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Teach Your Child to Jump Properly on a Trampoline

Trampolines make excellent gifts for children. They’re better for a child’s health and development than stationary toys or electronics. Though they’re kind of expensive, a good trampoline will last a long time, following your child into his or her teenage years.

Some parents have concerns about the safety of trampolines, and it’s perfectly natural to want to know their child is out of harm’s way. A lot of injuries can be prevented by implementing the proper safety measures, and teaching the child to use a trampoline the right way

First of all it is important to find the best trampoline for your kids to use.

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What Are The Benefits of Trampolining for Children?

In the age of technology, children aren’t moving around as much as they used to. This causes some parents to be concerned about childhood obesity. For good habits to become a part of a person’s preferences, they should be implemented at an early age.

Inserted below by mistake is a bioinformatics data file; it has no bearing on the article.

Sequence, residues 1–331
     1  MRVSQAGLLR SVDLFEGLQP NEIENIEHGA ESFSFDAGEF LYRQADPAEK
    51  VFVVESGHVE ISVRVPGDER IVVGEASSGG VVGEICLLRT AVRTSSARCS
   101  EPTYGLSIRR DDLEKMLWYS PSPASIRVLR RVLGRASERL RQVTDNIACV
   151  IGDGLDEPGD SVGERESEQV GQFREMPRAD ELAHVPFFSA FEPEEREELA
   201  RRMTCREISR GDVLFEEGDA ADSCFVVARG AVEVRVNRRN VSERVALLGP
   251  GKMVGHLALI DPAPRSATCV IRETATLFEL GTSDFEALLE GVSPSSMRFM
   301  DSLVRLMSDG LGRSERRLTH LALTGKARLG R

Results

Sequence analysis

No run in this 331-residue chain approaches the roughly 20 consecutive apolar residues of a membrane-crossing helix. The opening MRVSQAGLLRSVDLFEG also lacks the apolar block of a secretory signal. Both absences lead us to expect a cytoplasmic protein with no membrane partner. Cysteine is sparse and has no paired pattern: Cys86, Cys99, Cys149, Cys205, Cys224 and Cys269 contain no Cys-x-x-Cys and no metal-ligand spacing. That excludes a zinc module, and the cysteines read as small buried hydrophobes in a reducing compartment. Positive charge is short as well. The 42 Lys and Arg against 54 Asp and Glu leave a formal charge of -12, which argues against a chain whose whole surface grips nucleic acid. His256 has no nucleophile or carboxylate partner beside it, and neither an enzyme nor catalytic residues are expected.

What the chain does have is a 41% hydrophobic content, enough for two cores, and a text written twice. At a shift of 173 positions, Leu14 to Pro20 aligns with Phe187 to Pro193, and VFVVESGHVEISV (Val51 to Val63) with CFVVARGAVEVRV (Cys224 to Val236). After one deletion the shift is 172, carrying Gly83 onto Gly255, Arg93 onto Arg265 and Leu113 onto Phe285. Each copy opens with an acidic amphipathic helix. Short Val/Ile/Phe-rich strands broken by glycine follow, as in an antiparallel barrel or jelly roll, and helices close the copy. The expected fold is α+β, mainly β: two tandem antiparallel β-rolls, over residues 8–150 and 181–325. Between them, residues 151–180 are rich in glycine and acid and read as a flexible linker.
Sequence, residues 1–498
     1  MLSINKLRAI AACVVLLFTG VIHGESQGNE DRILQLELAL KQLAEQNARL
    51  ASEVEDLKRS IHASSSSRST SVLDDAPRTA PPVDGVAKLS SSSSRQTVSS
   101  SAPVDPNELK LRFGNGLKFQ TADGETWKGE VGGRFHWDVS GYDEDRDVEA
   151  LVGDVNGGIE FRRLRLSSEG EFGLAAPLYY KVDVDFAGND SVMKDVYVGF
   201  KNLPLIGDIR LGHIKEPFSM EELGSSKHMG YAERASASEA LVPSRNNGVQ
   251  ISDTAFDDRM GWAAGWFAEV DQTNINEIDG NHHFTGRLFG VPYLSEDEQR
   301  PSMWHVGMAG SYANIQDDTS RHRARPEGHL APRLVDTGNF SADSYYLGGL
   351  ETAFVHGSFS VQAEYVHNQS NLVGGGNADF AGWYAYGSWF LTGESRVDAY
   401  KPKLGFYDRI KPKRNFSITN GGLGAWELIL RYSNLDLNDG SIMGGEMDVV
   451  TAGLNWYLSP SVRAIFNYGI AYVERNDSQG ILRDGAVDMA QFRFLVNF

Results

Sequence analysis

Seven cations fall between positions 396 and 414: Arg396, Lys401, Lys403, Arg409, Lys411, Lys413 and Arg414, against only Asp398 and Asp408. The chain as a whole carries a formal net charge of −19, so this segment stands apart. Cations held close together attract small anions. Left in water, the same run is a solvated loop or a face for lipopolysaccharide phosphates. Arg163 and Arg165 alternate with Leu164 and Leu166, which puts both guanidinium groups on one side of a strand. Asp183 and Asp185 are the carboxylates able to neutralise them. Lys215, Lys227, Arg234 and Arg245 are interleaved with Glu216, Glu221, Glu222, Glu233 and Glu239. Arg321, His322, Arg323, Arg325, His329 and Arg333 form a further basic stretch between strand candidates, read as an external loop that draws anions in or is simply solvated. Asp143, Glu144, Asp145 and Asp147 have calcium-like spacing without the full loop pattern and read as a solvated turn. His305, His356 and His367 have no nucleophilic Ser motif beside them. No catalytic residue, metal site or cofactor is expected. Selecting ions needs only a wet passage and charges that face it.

This means less computer time, less video games, and more moving around.

A trampoline is one of the most enjoyable ways to get your child excited about exercising.

Ten minutes on the trampoline has the same effect on the body as thirty minutes of jogging. Children won’t feel inclined to jog, but they will feel inclined to bounce and play games on their trampoline. Trampolines will allow a child to bounce with a friend or sibling, encouraging social bonding.

Essentially, using a trampoline is a way to get a workout without feeling as though you’re exercising. Your children will be having a blast, completely unaware that they’re getting healthier and stronger in the process.

At What Age is it Safe for Children To Jump?

The age at which it’s safe for a child to jump depends on your trampoline. Children from the ages of 2 to 5 are able to jump safely, provided the trampoline is small enough and designed for toddlers.

Children ages six and up will be able to utilize a full sized trampoline, as long as it has been assembled and prepared safely.

Are Trampolines Safe For Children?